public class Modify {

  public static void main( String[] args ) {
    HazelcastInstance hz = Hazelcast.newHazelcastInstance();
    IMap<String, String> map = hz.getMap( "somemap");
    String key = "" + System.nanoTime();
    String value = "1";
    map.put( key, value );
    map.put( key, "2" );
    map.delete( key );

If you execute the Listen class and then the Modify class, you get the following output produced by the Listen class.

entryAdded:EntryEvent {Address[]:5702} key=251359212222282,
    oldValue=null, value=1, event=ADDED, by Member []:5702

entryUpdated:EntryEvent {Address[]:5702} key=251359212222282,
    oldValue=1, value=2, event=UPDATED, by Member []:5702

entryRemoved:EntryEvent {Address[]:5702} key=251359212222282,
    oldValue=2, value=2, event=REMOVED, by Member []:5702
public class MyEntryListener implements EntryListener{

    private Executor executor = Executors.newFixedThreadPool(5);

    public void entryAdded(EntryEvent event) {
        executor.execute(new DoSomethingWithEvent(event));

image NOTE: Please note that the method IMap.clear() does not fire an "EntryRemoved" event, but fires a "MapCleared" event.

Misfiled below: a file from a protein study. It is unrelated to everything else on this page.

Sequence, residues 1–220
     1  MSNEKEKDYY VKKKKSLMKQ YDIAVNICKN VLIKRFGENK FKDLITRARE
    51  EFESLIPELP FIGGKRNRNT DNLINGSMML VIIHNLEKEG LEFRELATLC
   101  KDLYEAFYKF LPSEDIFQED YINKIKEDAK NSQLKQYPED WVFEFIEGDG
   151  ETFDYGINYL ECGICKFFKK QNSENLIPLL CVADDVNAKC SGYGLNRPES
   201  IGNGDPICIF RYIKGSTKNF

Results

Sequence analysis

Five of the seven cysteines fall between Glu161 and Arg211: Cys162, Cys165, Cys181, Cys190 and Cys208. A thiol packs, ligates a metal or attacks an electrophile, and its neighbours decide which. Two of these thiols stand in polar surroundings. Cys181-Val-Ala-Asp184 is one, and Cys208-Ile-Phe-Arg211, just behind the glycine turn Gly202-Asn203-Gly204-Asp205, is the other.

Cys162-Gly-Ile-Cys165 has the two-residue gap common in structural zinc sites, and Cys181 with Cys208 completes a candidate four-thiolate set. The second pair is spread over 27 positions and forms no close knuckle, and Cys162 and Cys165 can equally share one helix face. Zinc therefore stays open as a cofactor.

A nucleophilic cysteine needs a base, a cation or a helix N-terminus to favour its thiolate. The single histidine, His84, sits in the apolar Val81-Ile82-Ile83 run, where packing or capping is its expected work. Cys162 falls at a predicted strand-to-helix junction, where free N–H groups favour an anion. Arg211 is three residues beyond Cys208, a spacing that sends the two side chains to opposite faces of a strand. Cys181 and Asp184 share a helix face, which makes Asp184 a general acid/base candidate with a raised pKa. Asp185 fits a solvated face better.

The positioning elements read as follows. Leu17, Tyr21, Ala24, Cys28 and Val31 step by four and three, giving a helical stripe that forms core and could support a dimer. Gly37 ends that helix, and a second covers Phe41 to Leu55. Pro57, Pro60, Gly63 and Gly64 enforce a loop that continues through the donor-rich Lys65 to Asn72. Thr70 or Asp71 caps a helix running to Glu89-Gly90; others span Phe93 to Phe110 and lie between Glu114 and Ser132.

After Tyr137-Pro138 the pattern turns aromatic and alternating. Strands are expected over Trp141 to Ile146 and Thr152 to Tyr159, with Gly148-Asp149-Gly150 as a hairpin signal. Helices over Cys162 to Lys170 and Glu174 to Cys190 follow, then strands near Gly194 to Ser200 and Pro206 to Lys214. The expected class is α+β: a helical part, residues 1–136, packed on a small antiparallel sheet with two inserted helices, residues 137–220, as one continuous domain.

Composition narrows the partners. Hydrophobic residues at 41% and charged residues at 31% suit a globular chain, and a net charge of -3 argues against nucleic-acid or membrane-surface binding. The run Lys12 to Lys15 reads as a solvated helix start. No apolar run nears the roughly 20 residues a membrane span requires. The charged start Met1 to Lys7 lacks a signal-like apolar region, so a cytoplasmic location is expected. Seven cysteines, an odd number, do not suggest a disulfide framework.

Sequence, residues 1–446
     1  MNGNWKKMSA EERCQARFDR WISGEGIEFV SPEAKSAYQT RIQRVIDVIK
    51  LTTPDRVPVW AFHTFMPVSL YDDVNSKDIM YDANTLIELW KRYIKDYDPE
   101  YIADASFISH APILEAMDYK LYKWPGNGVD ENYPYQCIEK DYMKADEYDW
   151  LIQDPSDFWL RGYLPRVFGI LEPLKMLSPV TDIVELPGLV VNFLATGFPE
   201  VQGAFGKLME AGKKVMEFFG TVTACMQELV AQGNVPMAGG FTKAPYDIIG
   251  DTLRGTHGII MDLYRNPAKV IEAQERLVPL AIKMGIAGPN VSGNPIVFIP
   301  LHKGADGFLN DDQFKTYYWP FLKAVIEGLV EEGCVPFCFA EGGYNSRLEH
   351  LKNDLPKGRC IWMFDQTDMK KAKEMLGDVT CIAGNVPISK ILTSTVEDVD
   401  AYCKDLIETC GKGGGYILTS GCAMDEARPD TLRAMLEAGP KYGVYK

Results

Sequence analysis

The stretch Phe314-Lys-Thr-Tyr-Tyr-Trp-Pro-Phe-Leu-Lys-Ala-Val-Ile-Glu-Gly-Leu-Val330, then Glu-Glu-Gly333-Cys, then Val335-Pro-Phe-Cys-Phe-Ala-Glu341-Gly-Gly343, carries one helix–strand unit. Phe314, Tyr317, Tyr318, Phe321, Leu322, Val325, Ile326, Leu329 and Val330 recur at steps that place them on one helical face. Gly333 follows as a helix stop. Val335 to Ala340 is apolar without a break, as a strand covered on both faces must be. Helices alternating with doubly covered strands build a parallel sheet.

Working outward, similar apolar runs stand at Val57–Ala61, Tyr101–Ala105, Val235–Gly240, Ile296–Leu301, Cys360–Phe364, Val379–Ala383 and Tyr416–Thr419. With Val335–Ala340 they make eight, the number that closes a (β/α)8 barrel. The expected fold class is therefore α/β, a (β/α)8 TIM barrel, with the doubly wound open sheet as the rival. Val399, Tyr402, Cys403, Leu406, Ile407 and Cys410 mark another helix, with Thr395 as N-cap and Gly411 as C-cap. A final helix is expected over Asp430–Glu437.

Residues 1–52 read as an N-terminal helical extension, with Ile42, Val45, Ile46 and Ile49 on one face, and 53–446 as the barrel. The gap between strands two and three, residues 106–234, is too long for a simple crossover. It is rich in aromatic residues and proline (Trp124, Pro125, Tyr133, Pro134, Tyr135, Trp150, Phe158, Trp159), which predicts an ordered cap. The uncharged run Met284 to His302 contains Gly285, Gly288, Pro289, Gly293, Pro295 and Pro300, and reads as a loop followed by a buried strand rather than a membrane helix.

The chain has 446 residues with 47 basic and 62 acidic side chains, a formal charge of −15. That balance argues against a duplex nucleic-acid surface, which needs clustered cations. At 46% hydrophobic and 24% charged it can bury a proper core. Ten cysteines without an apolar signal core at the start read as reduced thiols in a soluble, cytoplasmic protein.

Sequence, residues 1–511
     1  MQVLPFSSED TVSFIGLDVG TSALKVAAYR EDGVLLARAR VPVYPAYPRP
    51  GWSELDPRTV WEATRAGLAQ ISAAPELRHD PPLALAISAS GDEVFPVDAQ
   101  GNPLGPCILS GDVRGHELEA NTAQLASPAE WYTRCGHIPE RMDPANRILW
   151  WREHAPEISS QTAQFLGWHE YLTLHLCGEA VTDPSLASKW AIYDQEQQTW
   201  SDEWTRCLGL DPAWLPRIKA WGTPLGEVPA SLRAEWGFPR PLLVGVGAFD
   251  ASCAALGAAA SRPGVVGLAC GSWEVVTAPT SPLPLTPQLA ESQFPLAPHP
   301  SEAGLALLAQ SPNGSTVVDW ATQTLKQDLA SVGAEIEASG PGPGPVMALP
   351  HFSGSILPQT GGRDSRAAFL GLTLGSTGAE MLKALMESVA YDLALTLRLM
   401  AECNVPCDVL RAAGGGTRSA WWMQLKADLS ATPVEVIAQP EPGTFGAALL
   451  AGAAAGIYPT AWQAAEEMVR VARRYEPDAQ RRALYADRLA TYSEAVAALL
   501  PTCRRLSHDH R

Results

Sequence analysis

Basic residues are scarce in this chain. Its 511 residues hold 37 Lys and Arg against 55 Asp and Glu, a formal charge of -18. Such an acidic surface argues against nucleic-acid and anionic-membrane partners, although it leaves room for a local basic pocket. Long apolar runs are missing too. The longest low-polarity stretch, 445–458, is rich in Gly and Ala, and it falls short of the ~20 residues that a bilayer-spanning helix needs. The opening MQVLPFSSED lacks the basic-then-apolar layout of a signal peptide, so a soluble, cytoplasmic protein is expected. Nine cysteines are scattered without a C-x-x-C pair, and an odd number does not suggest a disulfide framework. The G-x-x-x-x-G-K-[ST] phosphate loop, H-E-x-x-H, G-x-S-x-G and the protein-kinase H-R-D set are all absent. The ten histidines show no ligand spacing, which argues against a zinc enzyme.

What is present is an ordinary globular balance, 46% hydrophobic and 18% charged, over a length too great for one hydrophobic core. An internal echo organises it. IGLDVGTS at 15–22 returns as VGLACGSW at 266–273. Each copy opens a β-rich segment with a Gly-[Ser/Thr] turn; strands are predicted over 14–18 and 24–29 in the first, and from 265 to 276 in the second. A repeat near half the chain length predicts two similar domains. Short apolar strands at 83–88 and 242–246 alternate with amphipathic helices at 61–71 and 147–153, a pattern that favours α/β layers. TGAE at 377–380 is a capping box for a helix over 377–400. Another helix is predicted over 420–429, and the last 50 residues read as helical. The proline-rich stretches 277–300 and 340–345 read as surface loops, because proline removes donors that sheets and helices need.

Partitions and Entry Listeners

A map listener runs on the event threads that are also used by the other listeners. For example, the collection listeners and pub/sub message listeners. This means that the entry listeners can access other partitions. Consider this when you run long tasks, since listening to those tasks may cause the other map/event listeners to starve.

Listening for Lost Map Partitions

You can listen to MapPartitionLostEvent instances by registering an implementation of MapPartitionLostListener, which is also a sub-interface of MapListener.

Let`s consider the following example code:

  public static void main(String[] args) {
    Config config = new Config();
    // keeps its data if a single node crashes

    HazelcastInstance instance = HazelcastInstanceFactory.newHazelcastInstance(config);

    IMap<Object, Object> map = instance1.getMap("map");
    map.put(0, 0);

    map.addPartitionLostListener(new MapPartitionLostListener() {
      public void partitionLost(MapPartitionLostEvent event) {